By Gary C. Hinkle
After graduating from college, Eric’s first week on the job as an engineer presented several leadership and management challenges— but he didn’t realize at the time that’s what they were. He was just getting the work done that he was told to do, just ordinary assignments for an entry-level engineer…or so he thought.
Eric was asked to assist the lead engineer with the testing of a new product. However, a closer look at his tasks that first week reveals aspects of engineering work that are very much leadership- and management-oriented:
Negotiating with manufacturing for delivery of test units
Planning the flow of test units through the engineering lab
Influencing external resources—that is, persuading them to get done quickly
Directing technicians, instructing them how to follow test procedures
Estimating time to complete tasks
Resolving conflicts that were impeding progress
The lead engineer supported Eric’s work, as did his manager and other senior staff members. While the senior engineers took on difficult issues Eric encountered, he was accountable for the all the responsibilities described above.
Skills such as negotiating, planning and influencing are leadership and management competencies. The technical skills that an engineer’s job requires make up an important but small percentage of the abilities an engineer needs for professional success. Interpersonal competencies, business acumen—and, yes, leadership and management skills—are all required in engineering work. As engineers advance in the profession, whether or not they’re headed into management, leadership and management competencies become even more important.
Leadership vs. Management
I’ve been talking about “leadership and management” together here, but they’re not the same. Leaders often are visionary and are good at inspiring others to share the vision. They communicate well, understand where others “are coming from,” are adaptable, and able to build consensus. They’re often good at assessing—and taking—risks, and making sure others are prepared to act. Managers, meanwhile, keep work organized, on track and efficient. In the words of Warren Bennis in his book On Becoming a Leader, leaders focus “on the horizon” while managers keep their eye “on the bottom line.” Managers “accept the status quo” while leaders challenge it. Managers “do things right”; leaders “do the right things.” Both are needed.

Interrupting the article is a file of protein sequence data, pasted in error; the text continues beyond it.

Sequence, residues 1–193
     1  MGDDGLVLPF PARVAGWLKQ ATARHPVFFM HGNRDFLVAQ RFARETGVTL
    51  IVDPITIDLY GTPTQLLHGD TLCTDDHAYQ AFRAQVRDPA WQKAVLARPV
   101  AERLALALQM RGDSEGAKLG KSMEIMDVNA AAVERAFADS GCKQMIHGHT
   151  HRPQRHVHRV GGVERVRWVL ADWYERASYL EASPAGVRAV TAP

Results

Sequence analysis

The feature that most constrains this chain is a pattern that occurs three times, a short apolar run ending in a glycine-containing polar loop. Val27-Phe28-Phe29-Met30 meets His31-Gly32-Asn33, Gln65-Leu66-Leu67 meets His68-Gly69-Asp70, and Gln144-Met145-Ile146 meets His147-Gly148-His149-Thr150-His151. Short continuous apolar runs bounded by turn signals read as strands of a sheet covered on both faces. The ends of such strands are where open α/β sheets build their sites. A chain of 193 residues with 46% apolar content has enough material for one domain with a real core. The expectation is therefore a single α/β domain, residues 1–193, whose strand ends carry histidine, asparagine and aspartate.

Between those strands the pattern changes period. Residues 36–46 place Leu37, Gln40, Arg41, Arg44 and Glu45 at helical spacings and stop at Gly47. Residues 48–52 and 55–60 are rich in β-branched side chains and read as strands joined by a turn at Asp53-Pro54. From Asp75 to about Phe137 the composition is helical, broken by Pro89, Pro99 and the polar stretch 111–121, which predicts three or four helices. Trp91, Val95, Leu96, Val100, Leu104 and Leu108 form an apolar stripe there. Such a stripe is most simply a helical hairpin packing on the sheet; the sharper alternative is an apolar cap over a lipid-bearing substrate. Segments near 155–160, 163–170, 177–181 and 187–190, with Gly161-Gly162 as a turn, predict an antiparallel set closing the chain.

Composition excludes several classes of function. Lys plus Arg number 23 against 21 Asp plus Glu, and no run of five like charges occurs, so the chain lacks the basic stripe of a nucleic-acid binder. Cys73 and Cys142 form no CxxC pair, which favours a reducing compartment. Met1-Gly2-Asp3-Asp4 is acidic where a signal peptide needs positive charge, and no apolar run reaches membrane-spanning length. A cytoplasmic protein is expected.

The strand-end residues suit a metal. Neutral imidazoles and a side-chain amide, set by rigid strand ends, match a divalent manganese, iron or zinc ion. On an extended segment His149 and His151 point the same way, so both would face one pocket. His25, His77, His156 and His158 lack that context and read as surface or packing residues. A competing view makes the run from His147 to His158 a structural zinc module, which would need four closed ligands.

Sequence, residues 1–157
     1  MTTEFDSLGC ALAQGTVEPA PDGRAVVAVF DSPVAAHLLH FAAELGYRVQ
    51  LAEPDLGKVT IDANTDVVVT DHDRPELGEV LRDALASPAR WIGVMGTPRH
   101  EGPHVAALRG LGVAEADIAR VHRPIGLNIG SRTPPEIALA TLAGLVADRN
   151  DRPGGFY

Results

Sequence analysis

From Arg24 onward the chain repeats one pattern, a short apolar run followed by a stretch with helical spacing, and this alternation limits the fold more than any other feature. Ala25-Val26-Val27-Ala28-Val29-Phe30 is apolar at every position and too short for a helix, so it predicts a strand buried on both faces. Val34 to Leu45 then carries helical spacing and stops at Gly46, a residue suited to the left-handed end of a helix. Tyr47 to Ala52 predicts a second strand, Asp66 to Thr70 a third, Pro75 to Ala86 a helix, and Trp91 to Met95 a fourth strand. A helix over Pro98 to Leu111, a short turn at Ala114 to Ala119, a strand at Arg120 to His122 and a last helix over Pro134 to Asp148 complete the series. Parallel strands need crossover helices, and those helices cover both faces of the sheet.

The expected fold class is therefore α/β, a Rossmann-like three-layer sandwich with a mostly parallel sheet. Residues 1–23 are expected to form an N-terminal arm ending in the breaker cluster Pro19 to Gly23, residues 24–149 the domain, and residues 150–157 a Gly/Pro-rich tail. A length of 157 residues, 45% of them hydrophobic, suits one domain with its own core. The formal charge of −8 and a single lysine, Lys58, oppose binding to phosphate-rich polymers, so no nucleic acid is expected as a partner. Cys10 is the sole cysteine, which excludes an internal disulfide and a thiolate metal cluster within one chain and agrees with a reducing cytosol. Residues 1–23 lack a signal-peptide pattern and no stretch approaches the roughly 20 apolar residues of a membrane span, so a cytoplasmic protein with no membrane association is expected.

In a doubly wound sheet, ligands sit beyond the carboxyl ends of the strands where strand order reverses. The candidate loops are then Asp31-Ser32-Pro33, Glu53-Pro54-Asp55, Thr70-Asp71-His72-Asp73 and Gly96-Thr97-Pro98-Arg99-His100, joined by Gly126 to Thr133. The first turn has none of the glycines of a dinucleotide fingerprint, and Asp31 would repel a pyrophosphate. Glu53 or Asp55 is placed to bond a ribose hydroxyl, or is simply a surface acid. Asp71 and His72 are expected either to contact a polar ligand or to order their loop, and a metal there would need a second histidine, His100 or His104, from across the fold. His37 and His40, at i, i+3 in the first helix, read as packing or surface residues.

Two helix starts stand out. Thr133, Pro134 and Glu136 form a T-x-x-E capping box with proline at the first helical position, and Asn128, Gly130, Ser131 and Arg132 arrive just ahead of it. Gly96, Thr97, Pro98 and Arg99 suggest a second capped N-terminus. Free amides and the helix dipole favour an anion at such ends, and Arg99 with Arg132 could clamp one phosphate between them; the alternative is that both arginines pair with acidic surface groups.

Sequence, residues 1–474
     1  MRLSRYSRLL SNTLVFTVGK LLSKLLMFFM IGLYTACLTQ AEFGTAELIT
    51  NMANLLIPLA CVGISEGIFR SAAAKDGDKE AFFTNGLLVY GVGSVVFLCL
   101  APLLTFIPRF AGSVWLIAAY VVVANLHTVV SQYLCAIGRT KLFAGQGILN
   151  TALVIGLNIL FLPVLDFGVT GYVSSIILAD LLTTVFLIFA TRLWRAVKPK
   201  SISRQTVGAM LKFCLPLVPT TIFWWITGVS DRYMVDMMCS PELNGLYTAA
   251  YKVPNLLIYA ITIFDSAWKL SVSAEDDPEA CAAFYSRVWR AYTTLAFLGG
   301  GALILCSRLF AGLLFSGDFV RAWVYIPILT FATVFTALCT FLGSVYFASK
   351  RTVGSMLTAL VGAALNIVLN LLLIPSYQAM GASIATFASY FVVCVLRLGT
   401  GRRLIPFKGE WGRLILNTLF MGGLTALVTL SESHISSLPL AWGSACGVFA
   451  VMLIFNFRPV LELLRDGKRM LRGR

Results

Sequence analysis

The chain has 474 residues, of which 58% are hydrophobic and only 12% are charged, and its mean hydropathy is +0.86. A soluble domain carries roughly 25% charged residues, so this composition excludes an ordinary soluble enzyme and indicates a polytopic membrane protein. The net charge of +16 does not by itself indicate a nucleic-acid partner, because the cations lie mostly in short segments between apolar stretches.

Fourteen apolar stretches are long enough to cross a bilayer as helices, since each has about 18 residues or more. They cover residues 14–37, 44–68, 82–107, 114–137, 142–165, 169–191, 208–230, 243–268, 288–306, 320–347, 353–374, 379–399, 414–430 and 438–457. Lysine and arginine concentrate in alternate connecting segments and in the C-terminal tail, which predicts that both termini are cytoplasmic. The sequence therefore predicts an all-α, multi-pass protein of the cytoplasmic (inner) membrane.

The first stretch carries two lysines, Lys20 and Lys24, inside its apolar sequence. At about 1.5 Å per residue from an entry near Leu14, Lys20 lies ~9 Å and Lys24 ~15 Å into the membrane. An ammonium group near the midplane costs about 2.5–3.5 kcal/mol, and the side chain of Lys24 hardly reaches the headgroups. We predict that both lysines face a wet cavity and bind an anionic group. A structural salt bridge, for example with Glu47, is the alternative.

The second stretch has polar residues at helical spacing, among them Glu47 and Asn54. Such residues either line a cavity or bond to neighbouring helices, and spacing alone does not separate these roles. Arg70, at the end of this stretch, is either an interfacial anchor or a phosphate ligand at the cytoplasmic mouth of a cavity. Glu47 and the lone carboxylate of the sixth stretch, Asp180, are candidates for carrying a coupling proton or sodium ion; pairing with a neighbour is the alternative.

Many competencies are required for successful management of work, and people serving in management roles need to be especially good at:
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Communicating / Documenting
When managing people is involved, resolving conflict, mentoring and coaching others are also essential.
Just staying sharp technically is challenging for most engineers, because technology is complex and it changes constantly and rapidly. Adding leadership and management responsibilities to that can be a lot to ask. Many tech companies expect superhuman job performance—leading complex projects and performing technical work. Tech managers must manage, lead, and continue to be technically proficient, but it’s unrealistic to expect a high level of performance as both an individual contributor and a leader to continue indefinitely.
The solution isn’t to hire superhuman employees, nor is it to expect that the current employees fit the superhuman profile. The way to do it is to:
1) Develop engineers’ leadership potential and
2) Distribute the workload responsibilities.
How to Distribute Responsibilities
Managers who understand the leadership and management competencies needed to execute effectively can delegate some of these responsibilities. Team members should be open and honest about how interested they are—and how prepared they are—to take on those responsibilities. Engineers need to keep in mind, however, that some aspects of leadership and management are part of their job, so saying “no” to these responsibilities is not really an option. What is an option is to develop the specific leadership and management characteristics they will need in their engineering roles.
When managers delegate leadership and management responsibilities, they should listen to any issues and concerns and make appropriate adjustments. Sometimes negotiation is necessary — and, of course, negotiating is yet another leadership competency!
If your job description sounds anything like Eric’s, leading and managing is an important part of your job every day. That’s why effective, career-focused engineers make it a priority to develop and improve their leadership and management skills, and engineering managers in successfully-led organizations make it a priority, too.